On Avoiding 'Moral Squint' or Tolerance
Another word for "moral squint" is tolerance. Tolerance, of course, is touted by the secular liberals as the preeminent virtue. Secular liberals who are moral relativists would have all of us adopt "moral squint." If we are to be called benevolent, they would have us be blind to moral reality. If we are to be considered loving, they would have us be deaf to moral truths.
Jerrold was right to take after Chesterfieldian morality. Lord Chesterfield's morality is a morality unworthy of the name, and it slides quickly into purely temporal self-interest, which is clearly not the same as morality. It is apparent that being moral is sometimes against one's temporal self-interest.
The upshot of pragmatic Chesterfieldian morality is that, while it is eminently practical and tolerant, it is nothing less than moral pabulum. By nimbly dancing around the moral questions it leads to the lack of moral conviction, to moral indifference, and even moral relativism.
Samuel Johnson famously excoriated Lord Chesterfield's morals as the "morals of a whore and the manners of a dancing-master." Like a whore, Chesterfieldian morality is not faithful to any one moral vision and is not wed to one moral truth. Like a dancing master, its entire repertoire is a number of arbitrary steps intended artfully to dance around the fact that it is a moral strumpet.
While Chesterfieldian morality perhaps avoids the evils of hypocrisy, it does so by jettisoning any pretense to objective morality and hence virtue and vice. As Oscar Wilde famously defined it, hypocrisy is the compliment that vice pays to virtue. And that, of course, requires that virtue mean something. When everything is measured by a tolerant and easy self-interest, there is no virtue to which vice can give its oblique compliment.
In any event, the reference to "moral squint" is found in Punch's Letter No. XI, where Punch excoriates his son for the way he had treated the rich, affluent, and well-connected Alderman Bilberry who had lied to a musician asking for a tip telling him that he had no change. The son reminded Mr. Bilberry that he in fact had change in his pocket because he had just received some from the bartender after having ordered a glass of ginger beer.
"My son," the father tells his son, "never see the meanness of mankind. Let men hedge, and shirk, and shift, and lie, and with faces of unwrinkled adamant tell you the most monstrous falsehoods, either in their self-glorification, or to disguise some habitual paltriness, still, never detect the untruth; never lay your finger on the patch they have so bunglingly sewed upon their moral coat, but let them depart with the most religious persuasion that they have triumphantly bamboozled you."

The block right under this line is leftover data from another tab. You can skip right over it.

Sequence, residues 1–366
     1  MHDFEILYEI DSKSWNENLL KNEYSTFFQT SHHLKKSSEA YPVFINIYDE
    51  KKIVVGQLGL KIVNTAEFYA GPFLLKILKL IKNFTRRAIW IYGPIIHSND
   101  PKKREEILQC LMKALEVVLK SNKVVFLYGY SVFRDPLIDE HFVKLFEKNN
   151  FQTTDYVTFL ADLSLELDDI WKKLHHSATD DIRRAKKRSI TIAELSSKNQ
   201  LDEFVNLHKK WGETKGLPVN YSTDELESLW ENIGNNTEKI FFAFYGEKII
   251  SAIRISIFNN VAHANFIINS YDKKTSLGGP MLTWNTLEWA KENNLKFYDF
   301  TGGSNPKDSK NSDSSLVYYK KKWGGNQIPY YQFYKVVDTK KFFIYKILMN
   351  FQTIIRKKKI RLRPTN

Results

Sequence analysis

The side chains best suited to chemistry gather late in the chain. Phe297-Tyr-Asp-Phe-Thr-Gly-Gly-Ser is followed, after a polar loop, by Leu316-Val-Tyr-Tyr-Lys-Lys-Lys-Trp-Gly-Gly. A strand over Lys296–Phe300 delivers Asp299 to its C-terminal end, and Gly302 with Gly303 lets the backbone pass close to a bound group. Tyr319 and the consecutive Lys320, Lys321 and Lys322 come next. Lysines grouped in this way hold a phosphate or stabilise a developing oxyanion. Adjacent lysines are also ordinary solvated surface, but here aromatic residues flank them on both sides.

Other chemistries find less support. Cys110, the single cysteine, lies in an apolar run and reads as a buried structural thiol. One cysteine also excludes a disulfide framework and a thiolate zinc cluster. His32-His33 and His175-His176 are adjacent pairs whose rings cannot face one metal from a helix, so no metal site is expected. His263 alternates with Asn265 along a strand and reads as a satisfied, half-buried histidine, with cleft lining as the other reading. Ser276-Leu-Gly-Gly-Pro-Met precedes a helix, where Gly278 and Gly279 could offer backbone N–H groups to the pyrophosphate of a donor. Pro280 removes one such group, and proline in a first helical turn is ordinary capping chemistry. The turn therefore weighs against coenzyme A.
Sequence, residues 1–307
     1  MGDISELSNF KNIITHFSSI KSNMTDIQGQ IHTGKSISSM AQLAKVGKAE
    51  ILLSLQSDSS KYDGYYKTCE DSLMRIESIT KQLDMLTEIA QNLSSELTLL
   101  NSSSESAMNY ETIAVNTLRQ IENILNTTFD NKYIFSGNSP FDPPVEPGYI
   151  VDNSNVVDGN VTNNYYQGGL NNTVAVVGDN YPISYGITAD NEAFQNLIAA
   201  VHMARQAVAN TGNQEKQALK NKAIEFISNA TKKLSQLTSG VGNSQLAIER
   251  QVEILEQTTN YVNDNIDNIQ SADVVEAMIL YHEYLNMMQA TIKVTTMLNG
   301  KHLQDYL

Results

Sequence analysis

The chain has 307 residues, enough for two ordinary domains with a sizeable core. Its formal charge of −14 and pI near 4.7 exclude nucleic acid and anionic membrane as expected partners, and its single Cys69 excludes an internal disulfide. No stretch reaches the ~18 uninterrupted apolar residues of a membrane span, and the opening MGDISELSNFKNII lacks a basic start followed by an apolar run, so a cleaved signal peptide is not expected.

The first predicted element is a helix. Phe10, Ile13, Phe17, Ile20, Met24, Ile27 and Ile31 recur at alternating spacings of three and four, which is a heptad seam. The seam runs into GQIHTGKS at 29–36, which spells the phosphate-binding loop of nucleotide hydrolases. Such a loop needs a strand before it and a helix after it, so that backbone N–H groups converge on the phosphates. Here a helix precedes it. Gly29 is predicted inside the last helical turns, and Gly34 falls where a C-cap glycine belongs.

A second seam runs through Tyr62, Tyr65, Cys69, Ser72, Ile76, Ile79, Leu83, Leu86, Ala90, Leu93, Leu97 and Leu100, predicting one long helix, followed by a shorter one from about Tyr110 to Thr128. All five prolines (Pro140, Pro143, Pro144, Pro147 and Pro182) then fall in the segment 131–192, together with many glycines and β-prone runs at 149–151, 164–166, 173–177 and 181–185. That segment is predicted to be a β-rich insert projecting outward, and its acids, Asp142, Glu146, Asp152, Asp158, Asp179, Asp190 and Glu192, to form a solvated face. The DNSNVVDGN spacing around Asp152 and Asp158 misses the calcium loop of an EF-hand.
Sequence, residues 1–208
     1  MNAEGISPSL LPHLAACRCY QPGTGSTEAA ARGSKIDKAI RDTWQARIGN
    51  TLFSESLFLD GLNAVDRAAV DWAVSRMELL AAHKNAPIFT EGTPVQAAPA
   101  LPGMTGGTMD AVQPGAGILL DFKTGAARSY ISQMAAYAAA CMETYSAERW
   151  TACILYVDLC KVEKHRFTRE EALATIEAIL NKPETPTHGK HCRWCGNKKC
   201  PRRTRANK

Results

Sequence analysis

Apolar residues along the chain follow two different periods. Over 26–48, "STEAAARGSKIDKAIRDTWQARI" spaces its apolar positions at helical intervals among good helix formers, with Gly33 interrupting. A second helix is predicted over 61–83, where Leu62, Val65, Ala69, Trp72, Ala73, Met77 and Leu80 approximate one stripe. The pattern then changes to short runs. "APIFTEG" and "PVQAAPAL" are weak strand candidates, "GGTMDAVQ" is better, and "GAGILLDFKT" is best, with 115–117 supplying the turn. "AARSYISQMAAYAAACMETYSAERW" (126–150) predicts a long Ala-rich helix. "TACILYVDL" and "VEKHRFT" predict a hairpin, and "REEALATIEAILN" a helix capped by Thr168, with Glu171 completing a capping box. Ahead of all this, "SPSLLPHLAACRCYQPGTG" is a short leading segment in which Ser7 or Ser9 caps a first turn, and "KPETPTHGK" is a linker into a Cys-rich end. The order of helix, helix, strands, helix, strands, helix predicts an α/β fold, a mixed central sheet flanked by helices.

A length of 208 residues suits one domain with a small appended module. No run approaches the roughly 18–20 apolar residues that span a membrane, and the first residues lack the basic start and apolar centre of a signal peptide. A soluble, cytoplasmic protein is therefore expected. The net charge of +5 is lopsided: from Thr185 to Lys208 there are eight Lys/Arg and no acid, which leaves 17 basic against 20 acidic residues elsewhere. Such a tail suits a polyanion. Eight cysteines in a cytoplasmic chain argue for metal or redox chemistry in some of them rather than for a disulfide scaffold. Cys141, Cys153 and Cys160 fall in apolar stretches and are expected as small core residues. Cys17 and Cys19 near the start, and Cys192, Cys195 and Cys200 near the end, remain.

Never detect the moral truth. That's the heart of Chesterfieldian morality. Dance around it. "By these means," the father continues, "although you are most efficiently assisting in the hypocrisy of life, you will be deemed a sociable, a most good-natured fellow."
"Be stone-blind," the father continues, at least insofar as it involves moral things, "and you will be benevolent" to those with social influence. To moral truths "be deaf," the father advises, "and you will be all heart" to those with political and financial influence.
"To have an insight or at least to show you have it into the dirty evasions of life," Punch continues, "is to have a moral squint."
The Chesterfieldian "moral squint" is therefore defined as the ability to overlook, tolerate, and even treat as good and outstanding the "dirty evasions of life." By being stone blind to moral reality, one will be called benevolent. By being deaf to moral truths, one will be considered a loving fellow, all heart.
In Chesterfieldian morality, to live life with open, honest moral eyes-without "moral squint"-is in fact the iniquity. "To lay your finger upon a plague-spot, is to be infected with malice. No: though you meet with men scurfed with moral leprosy, see not the scales, but cry out lustily, 'What perfect gentlemen!' To discover meanness in men, is, in men's opinion, to be strongly tinctured with the iniquity."
If one has developed "moral squint," then even though there be immoral wasps nests all around, the father notes, one ought not to cry "Wasps! Wasps!" If we do so we will seem to be regarded as the "malicious, evil-minded fellow." No. By squinting we can call the wasps' nests honeycombs! By being half blind, men can look like trees walking! (Cf. Mark 8:24)
This, of course, ...
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